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This is the day which the Lord has made; let us rejoice and be glad in it.

So proclaims the Psalmist in verse, 118:24

Of special importance is the day, the last one in January and time to change the wall calendar in my kitchen.

This year, the print of Van Gogh’s 1890 Houses at Auvers graces February and mirrors the world of Auvers, northwest of Paris, with its thatched and tiled roofs and summer gardens. Broad strokes of pigment suggest his elusive emotional stability.

But obsessed to co-create with his Creator, his tormented psyche pushed him beyond exhaustion, beyond the minutes in any hour, and toward eventual suicide in July, two months later.

Perhaps an extreme use of time, but one from which Van Gogh’s six hundred or more oil paintings emerged and which still inspire viewers around the world. I have to think he glimpsed the whirlwind of colors while in his mystic fury, simultaneously filled with bliss.

So, what are we doing with this new day, no matter how quickly the seconds collapse into mill-seconds like mixing cups of flour into the liquid ingredients?

Only when very young and in the convent did I learn the significance of the Psalmist’s wisdom to rejoice in each day, a gift. And now, even more…

It was Halloween 2019, sitting on a gurney inside a curtained cubicle in the emergency room. Again, I needed help with my breathing and said to the doctor in words, not my own, “I didn’t want to come here—Was just here two weeks ago. We’ve got to talk.” From somewhere in my depths, more words formulated into questions, one after another. It all seemed so easy. I just had to listen for the next question, then ask it. The doctor’s responses made complete sense as a new care plan was evolving for me: it would be hospice.

Like Spirit transporting the prophet Ezekiel to Jerusalem by the hair of his head, I felt radical change coursing through my body. It felt strange. And it was those words that had set me up.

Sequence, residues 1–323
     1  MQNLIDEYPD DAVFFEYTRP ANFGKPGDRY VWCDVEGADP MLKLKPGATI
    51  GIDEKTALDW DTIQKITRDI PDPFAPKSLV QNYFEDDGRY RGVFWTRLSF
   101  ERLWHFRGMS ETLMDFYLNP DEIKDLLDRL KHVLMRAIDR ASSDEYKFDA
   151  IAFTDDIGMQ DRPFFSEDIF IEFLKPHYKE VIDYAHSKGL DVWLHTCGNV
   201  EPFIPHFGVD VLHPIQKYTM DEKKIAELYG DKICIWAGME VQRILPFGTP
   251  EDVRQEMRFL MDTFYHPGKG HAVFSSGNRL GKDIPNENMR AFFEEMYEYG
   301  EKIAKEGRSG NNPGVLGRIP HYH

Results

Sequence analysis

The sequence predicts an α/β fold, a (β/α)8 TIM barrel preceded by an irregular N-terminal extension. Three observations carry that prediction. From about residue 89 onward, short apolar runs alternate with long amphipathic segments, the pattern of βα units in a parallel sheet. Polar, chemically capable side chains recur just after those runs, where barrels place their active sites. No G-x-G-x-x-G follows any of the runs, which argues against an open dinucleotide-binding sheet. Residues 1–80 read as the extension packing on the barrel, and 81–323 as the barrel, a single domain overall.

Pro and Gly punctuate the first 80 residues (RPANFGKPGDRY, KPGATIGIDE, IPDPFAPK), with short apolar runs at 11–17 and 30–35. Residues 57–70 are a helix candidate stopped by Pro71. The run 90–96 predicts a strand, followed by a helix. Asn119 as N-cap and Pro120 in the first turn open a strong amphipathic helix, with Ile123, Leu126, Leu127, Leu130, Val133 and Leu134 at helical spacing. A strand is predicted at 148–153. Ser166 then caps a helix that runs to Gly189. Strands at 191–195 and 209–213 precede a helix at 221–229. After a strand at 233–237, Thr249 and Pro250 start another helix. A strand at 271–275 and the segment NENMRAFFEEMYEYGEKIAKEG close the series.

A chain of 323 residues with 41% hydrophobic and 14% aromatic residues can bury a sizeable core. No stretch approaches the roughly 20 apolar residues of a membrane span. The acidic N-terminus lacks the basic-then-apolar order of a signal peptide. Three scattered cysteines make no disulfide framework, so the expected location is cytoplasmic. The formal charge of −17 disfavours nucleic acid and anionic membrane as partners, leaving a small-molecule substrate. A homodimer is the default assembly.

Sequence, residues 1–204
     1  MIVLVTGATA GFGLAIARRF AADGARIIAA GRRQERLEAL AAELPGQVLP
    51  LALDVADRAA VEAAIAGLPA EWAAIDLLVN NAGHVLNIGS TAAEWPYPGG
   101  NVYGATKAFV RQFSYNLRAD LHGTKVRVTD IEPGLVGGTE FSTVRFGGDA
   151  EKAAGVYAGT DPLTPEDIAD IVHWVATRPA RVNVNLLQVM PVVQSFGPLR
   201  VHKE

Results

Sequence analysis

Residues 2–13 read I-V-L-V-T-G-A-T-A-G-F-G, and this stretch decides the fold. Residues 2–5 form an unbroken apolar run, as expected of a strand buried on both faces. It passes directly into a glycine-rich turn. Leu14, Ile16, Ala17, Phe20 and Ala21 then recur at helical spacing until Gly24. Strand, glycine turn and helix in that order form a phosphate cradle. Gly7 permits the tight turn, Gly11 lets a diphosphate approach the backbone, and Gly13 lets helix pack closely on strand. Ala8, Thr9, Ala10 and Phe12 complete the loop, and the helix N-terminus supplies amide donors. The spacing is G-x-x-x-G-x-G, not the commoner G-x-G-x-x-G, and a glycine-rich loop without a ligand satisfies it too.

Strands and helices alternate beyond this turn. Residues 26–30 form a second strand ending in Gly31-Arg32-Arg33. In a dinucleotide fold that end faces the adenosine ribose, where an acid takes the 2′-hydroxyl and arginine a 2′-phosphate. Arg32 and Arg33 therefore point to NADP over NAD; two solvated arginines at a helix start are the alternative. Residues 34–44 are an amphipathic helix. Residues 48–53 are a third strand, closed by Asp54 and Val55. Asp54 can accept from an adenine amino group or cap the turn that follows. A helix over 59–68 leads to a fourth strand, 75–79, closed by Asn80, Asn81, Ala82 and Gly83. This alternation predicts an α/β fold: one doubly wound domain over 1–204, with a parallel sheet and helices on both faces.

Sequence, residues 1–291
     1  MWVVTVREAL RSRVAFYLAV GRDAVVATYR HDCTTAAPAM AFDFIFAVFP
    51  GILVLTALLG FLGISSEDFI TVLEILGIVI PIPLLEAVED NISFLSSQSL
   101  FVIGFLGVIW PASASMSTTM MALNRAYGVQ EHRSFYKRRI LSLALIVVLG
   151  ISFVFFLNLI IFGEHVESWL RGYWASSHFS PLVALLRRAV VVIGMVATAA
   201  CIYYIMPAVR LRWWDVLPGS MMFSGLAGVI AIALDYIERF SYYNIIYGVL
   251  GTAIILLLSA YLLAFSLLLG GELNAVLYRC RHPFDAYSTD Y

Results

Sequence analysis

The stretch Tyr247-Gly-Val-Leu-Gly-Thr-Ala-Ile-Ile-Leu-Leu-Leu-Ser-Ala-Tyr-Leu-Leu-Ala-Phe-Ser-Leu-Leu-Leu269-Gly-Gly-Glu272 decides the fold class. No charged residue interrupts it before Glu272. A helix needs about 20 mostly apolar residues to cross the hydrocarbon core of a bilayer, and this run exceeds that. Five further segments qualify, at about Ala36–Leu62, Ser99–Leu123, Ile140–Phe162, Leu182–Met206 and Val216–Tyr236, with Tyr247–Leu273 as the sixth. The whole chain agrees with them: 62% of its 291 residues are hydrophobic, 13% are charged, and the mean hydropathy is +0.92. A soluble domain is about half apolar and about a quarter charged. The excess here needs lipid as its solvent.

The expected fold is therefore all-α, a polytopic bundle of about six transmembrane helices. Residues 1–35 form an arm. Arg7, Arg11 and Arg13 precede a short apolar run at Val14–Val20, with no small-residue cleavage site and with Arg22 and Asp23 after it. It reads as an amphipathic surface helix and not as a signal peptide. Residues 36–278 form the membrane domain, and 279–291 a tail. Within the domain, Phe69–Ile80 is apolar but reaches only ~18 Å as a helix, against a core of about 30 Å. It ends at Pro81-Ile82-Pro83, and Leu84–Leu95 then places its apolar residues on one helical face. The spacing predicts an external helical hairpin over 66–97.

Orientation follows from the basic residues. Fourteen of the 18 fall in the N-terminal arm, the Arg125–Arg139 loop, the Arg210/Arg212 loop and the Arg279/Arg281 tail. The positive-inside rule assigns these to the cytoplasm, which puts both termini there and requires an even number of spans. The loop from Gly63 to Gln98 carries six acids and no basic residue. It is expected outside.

Once home and cut from my moorings by the hospice sign-up, I floundered within its implications: it felt like a garment twenty sizes too large. Then, it occurred to me to enlist the source of those words that had so easily tripped off my tongue with the doctors.

Long ago, I had sensed my inner writer, often feeding me the next right word for the memoirs I wrote and for my weekly blogs. Through this relationship, I grew as a writer, the new skills also pleasuring significant reading. I had known of others blogging illnesses and surgeries, even composing non-fiction accounts of the dying. I would do similarly.

 Tentatively, I began blogging this new life path. The words felt scratchy but they appeared in my word processor and began telling my story, no matter if it was followed. I was to write. Then, my inner writer wanted daily postings, and the press was on.

Ten months later, that garment twenty sizes too large, almost fits. Through writing, I have filled out the empty folds with listening, beauty, insights, and significant reading. More substance will accompany me when I make my transition.

Clearly, God is doing for me what I cannot do for myself, a major tenet in Twelve-Step recovery.

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